“The audit market is heading for huge changes in processes, and we want to help drive this with the suppliers we work with through our ideas. We debate with suppliers on product improvements and have become a go-to for feedback when they are looking to release new products,” said Cook. 

He continued: “The feedback from everybody is fundamental. Our audit trainees will be using this software for audit testing so we have to hear what they think about it. Even though we have a real commitment to innovation and tech as being part of our audit solutions in the future, we get everybody at every level – every different type of person within our audit team – to be represented as part of that trial.”

Commitment to continuous improvement

The audit team at Kreston Reeves maintains a continuous improvement mindset, which is essential in an industry where internal controls are always under scrutiny. 

To support this, they recently hired a technical quality director, previously from KPMG’s tech team, to lead a non-chargeable technical support team. This team focuses on applying technology and automation, improving their methodology and adapting to changing audit standards.

As such, Cook highlighted the need to balance audit requirements with profitability, staff development, technology integration and audit quality. “These are not things you can do in your spare time. They have to be your fundamental role,” he said.

“If you’re a client-facing auditor, you can’t really do a full-time quality control or a full-time innovation role. So we have to put people in place and give them the time to do this stuff.”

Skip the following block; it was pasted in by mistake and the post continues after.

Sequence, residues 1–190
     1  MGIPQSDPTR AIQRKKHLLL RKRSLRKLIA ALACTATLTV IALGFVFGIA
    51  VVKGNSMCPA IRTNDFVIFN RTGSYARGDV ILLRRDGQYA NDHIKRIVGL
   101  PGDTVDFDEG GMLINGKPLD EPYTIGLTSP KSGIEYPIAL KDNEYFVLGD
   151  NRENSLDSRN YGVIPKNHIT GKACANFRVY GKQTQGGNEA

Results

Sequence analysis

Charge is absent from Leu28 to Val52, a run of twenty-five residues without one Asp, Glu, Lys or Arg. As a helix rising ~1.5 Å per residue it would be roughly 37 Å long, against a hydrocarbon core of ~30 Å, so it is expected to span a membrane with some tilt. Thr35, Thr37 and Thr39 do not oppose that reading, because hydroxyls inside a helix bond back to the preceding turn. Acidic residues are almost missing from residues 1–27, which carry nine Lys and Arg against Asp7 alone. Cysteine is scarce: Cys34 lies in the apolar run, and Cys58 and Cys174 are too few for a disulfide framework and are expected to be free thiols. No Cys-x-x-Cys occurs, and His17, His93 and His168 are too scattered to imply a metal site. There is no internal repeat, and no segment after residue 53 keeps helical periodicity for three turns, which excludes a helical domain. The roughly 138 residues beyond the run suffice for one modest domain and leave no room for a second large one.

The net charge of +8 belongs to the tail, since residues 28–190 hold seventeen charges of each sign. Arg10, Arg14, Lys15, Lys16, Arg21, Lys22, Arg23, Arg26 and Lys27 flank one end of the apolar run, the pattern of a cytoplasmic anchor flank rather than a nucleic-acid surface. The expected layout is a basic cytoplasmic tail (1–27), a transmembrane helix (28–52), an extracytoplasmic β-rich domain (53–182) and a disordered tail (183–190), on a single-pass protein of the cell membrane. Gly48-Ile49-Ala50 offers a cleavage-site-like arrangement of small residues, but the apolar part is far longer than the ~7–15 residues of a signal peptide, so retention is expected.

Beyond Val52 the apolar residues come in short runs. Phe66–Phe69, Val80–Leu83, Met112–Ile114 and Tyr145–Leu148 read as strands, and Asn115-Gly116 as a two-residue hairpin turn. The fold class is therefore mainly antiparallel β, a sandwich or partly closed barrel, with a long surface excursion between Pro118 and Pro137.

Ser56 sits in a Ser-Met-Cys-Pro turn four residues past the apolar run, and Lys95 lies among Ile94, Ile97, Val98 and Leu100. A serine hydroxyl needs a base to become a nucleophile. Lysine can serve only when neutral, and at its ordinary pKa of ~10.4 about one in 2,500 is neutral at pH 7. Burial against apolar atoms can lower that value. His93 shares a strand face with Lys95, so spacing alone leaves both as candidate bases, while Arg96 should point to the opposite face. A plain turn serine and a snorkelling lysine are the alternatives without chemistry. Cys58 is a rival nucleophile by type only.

Promoting work-life balance

Understanding the importance of work-life balance, Kreston Reeves is committed to ensuring their audit team is not overstretched. 

“We’re really committed to trying to provide a good work-life balance because everybody works too hard. That’s where technology like DataSnipper can come in and take three to four hours off a ‘tick and bash’ test, and then our guys can do the more interesting, analytical work rather than the grunt work.” 

Staff engagement and development

In response to the industry-wide staff shortages and excessive hours driving auditors out of the sector, Kreston Reeves has prioritised staff engagement and development.  

The firm has done this through annual people engagement surveys, staff forums, 360 reviews and regular open internal communication such as town halls and reverse mentoring. 

This is a different world to the one Cook started in, where trainees were asked to do whatever it took and, he joked, it wouldn’t be unusual to have files thrown at you.